Afghan security forces have arrested at least 300 people on charges of plotting to overthrow the interim government. Those arrested are reported to be members of a hardline Islamic militant group.
Afghan authorities say they have uncovered a plot by associates of former prime minister Gulbuddin Hekmatyar to destabilize the Afghan interim government.
Lieutenant Colonel Neal Peckham, a spokesman for the international peacekeeping force in Kabul, says the arrests have been made over several days. "It is our understanding that the National Directorate of Security has been carrying out a series of ongoing operations for the past seven days or so, during which they have made a fairly significant number of arrests," he said. "And I believe the number is some 300 at the moment."
He adds that the arrests were conducted solely by Afghan security forces without support from the peacekeepers.
Gulbuddin Hekmatyar is a former Mujahedin leader whose ferocious battles with other Afghan leaders in the early 1990s killed thousands of civilians and destroyed large parts of Kabul. He fled to Iran in after the Taleban came to power in 1996. Iranian authorities shut down his offices recently. His whereabouts are not currently known, but some reports say he is back in Afghanistan.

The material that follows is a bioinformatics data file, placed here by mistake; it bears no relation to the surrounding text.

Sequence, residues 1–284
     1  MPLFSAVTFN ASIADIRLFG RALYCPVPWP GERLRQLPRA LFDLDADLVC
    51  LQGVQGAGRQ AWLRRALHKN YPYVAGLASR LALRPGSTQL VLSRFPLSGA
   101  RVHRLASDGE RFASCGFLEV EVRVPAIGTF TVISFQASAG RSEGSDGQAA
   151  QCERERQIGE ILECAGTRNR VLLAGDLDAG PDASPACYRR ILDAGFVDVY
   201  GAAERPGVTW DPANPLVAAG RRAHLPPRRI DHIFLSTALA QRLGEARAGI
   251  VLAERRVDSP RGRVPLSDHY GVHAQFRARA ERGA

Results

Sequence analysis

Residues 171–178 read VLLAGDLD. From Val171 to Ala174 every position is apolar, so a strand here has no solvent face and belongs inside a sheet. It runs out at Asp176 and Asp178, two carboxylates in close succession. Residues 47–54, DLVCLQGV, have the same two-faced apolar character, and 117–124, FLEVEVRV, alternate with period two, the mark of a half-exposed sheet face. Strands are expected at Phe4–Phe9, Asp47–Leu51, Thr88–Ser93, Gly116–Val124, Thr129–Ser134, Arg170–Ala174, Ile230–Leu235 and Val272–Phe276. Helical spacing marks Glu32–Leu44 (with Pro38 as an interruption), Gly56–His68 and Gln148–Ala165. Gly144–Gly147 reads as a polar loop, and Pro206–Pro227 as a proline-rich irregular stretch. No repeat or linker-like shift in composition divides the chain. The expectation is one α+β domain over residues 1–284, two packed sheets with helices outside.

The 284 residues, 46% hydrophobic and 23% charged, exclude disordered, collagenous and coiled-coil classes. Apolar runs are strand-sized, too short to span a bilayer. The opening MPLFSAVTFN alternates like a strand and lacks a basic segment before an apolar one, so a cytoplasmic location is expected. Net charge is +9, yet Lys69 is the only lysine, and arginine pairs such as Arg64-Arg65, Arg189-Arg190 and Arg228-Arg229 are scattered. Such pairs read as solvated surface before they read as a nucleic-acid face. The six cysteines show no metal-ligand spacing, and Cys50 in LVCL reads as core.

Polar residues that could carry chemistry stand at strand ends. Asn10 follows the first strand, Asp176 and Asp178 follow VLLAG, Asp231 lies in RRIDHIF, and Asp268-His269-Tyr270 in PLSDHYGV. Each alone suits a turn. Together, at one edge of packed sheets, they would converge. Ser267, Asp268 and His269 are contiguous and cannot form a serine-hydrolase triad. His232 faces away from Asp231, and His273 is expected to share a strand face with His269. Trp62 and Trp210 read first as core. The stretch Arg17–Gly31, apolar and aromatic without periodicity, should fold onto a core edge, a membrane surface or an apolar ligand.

Afghan authorities say most of those arrested have been identified as members of Mr. Hekmatyar's hardline party, the Hezb-i-Islami. Colonel Peckham says some of those detained are Pakistanis with links to a pro-Hekmatyar religious-based party in Pakistan, the Jamaat-i-Islami. "Well, the information is a little vague," he said. "I understand that some of the arrests are personnel who I think are reported to be Pakistanis. They have been found with weapons and mines. And they apparently have linkages with the Jamaat-i-Islami grouping. Against that there was recently, more recently, an operation put in against a property belonging to a Mr. Sabaoon, who, I am told, has linkages with Mr. Hekmatyar. So, as I say, it seems to be fairly broad-ranging, and it is a matter for the IA [Interim Administration] to say what the reasons are behind these arrests."
Wahidullah Sabaoon was one of Mr. Hekmatyar's top aides. It is not clear if he is among those arrested.
Mr. Hekmatyar has been strongly opposed to the interim administration and to U.S. presence on Afghan soil.
The arrests come just after the Karzai administration made a plea in Geneva for $422 million to rebuild the security forces, including the army and the national police.